This post is part of the Science Tuesday feature series on the USDA blog. Check back each week as we showcase stories and news from USDA’s rich science and research portfolio.
People often get confused when observed weather patterns run contrary to climate projections. For instance, those living in the Mid-Atlantic States hear from experts that the region has now moved into a dry savanna-like climate zone, but yet two winters ago over 40 inches of snow fell in a single month. But weather is highly variable regardless of the state of the climate. Individual weather events like this one are different than “climate,” which refers to long-term trends over decades. And further, climate change could produce more extremes at both ends of the weather spectrum even while a region shifts into a seemingly contrary climate state.
In an attempt to make science and technical concepts of projecting climate change clearer to the public, the U.S. Forest Service has published a report simplifying complex information and resources.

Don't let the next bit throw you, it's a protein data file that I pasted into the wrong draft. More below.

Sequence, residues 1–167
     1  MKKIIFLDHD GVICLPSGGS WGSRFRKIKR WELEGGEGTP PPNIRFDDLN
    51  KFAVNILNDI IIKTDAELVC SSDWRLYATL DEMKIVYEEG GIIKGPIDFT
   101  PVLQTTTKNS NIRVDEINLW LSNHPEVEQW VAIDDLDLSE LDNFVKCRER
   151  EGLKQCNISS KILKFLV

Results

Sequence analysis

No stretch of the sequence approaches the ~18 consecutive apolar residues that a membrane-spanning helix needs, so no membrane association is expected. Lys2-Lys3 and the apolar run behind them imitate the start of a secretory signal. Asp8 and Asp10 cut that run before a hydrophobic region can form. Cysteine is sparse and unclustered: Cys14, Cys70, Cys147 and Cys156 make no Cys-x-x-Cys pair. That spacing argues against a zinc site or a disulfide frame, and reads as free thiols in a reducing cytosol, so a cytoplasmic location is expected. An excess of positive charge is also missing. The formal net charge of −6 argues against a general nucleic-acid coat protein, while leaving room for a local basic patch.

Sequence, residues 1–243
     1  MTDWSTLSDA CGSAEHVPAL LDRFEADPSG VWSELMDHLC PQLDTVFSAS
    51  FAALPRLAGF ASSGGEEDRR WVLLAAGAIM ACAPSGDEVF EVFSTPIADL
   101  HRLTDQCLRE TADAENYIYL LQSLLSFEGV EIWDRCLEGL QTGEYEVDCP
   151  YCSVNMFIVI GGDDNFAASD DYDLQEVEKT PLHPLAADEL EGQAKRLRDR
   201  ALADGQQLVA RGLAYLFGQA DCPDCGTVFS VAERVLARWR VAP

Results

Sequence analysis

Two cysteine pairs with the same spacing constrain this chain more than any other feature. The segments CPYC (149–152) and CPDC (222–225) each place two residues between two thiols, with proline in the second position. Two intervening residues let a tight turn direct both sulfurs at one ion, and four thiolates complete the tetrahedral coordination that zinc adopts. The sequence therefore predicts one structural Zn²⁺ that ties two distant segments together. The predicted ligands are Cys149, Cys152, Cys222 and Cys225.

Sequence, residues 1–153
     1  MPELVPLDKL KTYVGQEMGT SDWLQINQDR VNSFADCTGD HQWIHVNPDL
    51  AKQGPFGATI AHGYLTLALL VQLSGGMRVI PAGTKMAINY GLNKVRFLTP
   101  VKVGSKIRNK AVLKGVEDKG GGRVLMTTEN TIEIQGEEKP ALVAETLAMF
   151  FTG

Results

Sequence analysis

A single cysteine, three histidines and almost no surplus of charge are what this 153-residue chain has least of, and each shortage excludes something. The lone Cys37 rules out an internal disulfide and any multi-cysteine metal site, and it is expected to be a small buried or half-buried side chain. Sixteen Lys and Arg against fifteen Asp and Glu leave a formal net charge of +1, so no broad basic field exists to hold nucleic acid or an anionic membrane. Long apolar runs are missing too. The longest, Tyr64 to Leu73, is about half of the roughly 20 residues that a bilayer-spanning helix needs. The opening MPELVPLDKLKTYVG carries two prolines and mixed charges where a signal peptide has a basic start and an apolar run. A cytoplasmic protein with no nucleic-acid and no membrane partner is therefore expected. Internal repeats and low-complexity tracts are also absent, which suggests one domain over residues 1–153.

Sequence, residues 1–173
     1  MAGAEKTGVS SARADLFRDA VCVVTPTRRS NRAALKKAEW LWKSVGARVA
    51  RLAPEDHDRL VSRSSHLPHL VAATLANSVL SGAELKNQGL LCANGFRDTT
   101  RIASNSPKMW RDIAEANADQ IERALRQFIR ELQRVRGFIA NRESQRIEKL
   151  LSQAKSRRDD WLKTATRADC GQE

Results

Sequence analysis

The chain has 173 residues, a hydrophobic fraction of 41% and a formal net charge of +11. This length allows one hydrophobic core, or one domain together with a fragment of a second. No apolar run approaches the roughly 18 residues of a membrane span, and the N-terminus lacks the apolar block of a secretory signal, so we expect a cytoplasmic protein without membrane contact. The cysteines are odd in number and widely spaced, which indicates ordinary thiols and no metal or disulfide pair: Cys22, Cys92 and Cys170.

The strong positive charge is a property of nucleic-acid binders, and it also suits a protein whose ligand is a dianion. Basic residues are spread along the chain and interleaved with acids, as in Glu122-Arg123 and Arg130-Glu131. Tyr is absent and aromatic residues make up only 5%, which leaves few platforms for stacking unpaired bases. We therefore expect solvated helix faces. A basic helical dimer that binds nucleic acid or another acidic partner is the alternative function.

The Report, Climate Projections FAQ, is the first effort by a land management agency to assess climate projections and establishes a shared understanding about the use of climate projections for land managers and agency partner organizations.
“Getting everyone on the same page about what climate scenarios are, and how and where it is appropriate to incorporate them into decision-making is a big step forward,” said Dave Cleaves, Climate Change Advisor for the U.S. Forest Service. “For many land managers, there has been considerable confusion about how to interpret and use climate scenarios. This report helps open a meaningful dialogue.”
Effectively responding to climate change requires using the best available science to anticipate changes and impacts to land management. Climate scenarios offer one way to identify and examine the ecosystem challenges posed by climate change.
“Rather than a misguided attempt to identify the most accurate climate scenario, we strongly encourage land managers to explore projected variability through these multiple scenarios. This report helps to cultivate a better understanding of the scenarios’ strengths and limitations,” said Amy Daniels, lead Forest Service scientist on the report.
The process of developing climate projections embodies a number of choices about future assumptions, as well as the most appropriate climate models to use.